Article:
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Applying for Chevening scholarship

1. Chevening is looking for individuals that will be future leaders or influencers in their home countries. Explain how you meet this requirement, using clear examples of your own leadership and influencing skills to support your answer.
(minimum word count: 50 words, maximum word count: 500 words)

2. Chevening is looking for individuals with strong networking skills, who will engage with the Chevening community and influence and lead others in their chosen profession. Explain how you meet this requirement, using clear examples of your networking skills, and outline how you hope to use these skills in the future.
(minimum word count: 50 words, maximum word count: 500 words)



Subject Functional Writing Pages 21 Style APA








The NHS utilizes different approaches to deliver quality care and support for the UK population. The CCGs or commission groups support this agenda by working directly with patients in boroughs. In East Sussex, our CCG is tasked with working with the community and the health department towards the management of Alzheimer’s disease. The Alzheimer’s disease is a type of dementia which affects adults especially at old age of 65 years and over causing poor functioning of the brain. Eventually, this elderly person is forced to depend on the help of caregivers to deliver on their mandate, and the help of assistive tools to be safe and efficient within their environments. In extreme cases, they also need financial support since at their age, most of these populations ae not working and their pensions are inadequate to meet their growing needs.

At East Sussex, the population of older people (65+) is highest than any other age group and expected to grow in future. East Sussex is a preferred retirement location due to its peaceful and healthy environment. This is causing many elderly persons to migrate to the location. Ostensibly, dementia prevalence in the region continues to increase compared to the UK’s national average and the elderly population is also increasingly dependent on the government. Our CCG recognizes this growing demand for support and thereby seeks to ensure better aging for these elderly people through implementation of specific initiatives that would ensure better care. Since the CCG aims at working for two years prior to seeking an extension for the quality work, the overall initiatives will be divided into: adult social care, health and wellbeing of our older people, and mental health and dementia. The main objective will be to understand the current challenges, control the issues then provide alternatives together with the community.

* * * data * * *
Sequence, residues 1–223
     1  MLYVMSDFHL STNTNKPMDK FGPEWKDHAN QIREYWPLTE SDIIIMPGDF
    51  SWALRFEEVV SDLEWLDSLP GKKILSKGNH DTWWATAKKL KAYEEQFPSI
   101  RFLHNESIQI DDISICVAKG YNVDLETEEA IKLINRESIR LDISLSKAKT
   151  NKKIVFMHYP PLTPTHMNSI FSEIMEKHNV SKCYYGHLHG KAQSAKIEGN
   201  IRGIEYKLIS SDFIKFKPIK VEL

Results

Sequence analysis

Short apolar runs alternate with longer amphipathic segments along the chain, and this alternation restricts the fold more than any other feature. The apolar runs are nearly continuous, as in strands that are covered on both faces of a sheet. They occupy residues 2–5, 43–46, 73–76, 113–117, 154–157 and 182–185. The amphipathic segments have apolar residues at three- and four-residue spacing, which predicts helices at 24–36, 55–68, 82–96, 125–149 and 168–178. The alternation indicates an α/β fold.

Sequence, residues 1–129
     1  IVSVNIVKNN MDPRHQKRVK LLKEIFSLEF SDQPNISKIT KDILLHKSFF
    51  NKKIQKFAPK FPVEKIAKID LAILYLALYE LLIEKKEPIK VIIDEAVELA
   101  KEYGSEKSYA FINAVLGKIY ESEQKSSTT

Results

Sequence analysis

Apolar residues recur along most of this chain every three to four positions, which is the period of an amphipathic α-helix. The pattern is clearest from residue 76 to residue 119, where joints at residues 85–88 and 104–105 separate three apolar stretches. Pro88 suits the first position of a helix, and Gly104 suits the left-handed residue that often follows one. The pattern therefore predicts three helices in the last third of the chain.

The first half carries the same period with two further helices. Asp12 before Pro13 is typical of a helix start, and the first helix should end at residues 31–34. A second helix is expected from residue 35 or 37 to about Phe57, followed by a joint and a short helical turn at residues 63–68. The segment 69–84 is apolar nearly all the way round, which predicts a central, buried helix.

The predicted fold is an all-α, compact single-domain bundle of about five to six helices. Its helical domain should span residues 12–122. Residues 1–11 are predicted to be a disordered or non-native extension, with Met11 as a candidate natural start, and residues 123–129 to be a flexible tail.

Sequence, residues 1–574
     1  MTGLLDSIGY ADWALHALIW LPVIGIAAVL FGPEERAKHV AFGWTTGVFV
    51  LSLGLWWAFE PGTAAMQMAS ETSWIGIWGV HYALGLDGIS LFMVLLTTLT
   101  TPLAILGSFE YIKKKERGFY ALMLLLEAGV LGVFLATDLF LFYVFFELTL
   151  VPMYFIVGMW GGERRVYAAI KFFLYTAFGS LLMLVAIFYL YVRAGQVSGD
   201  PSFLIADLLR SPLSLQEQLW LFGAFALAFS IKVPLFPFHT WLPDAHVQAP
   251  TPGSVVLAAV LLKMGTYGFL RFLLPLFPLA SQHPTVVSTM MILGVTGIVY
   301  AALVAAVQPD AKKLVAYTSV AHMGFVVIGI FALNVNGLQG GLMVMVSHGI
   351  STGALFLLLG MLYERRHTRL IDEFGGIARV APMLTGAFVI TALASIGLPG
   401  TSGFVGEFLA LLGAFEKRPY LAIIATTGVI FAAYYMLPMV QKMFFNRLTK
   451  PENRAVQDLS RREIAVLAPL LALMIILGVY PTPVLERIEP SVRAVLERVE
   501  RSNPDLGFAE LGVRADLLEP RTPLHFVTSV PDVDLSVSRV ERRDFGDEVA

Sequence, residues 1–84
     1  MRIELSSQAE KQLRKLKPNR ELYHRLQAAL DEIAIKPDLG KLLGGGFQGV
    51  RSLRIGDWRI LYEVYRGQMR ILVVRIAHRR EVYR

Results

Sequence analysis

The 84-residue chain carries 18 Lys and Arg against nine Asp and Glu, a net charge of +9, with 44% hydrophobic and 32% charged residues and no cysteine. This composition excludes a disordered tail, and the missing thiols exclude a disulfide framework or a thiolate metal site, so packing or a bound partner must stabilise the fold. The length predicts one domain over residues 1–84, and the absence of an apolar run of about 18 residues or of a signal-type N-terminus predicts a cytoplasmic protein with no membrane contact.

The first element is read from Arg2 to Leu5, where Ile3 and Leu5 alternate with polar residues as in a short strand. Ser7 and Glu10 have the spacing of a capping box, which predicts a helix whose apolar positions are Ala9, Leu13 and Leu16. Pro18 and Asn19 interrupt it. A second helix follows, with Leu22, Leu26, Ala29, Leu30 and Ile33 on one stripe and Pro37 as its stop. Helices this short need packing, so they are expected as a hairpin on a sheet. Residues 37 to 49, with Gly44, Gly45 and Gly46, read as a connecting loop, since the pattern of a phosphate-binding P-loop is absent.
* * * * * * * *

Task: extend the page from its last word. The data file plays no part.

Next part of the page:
Executive Summary


Who we are

Focusing on dementia

Aging Well – Our vision for dementia services in East Sussex

Our mission

Our Partners

Financing Services

Our Older Population

The Health Issues of our Older Population

Our Priorities for Dementia Services

Looking to the Future






Who we are

We are NHS East Sussex Clinical Commissioning Group (CCG). We are responsible for providing high quality effective health services for the whole of the population of East Sussex whether they are based in hospitals settings or the community.  Our core activities are in the following areas of care and we are responsible to both our local NHS Commissioning Board and to NHS England for ensuring that our services are accessible, appropriate and both outcome effective and financially efficient

Our Core Responsibilities:

  • Planned care and hospital care
  • Urgent and emergency care
  • Rehabilitation care
  • Community health services
  • Mental health and learning disability services

Focusing on dementia

The UK National Health Service allows for the formation of commission groups as an initiative towards promoting social care in different parts of the country. As a member of the East Sussex NHS CCG, we believe that committing to universal care provides an opportunity to ensure and guarantee universal health. We have focused on different groups of people within the borough for years and therefore for this year, we would like to focus on the elderly in the region with the Alzheimer’s disease, a type of Dementia. Alzheimer’s disease is a mental condition characterized by the deterioration of the brain functions. One of the most common effect of the poorly functioning brain is the inability to memorize and this condition affects people right from the middle age to the elderly.

It is however notable that in the UK, Alzheimer’s disease affects the elderly at about 65 years and over. According to the NHS Choices (2017), (a website founded by the UK government department of National Health Services to provide health services and products conveniently to UK residents), there are currently 850,000 people suffering from the Alzheimer’s disease in the UK. This population is projected to increase even as the baby boomer population (people born between 1946 and 1964) continues to retire at a relatively high rate. Ostensibly, demand for care facilities and personnel is expected to increase in the UK.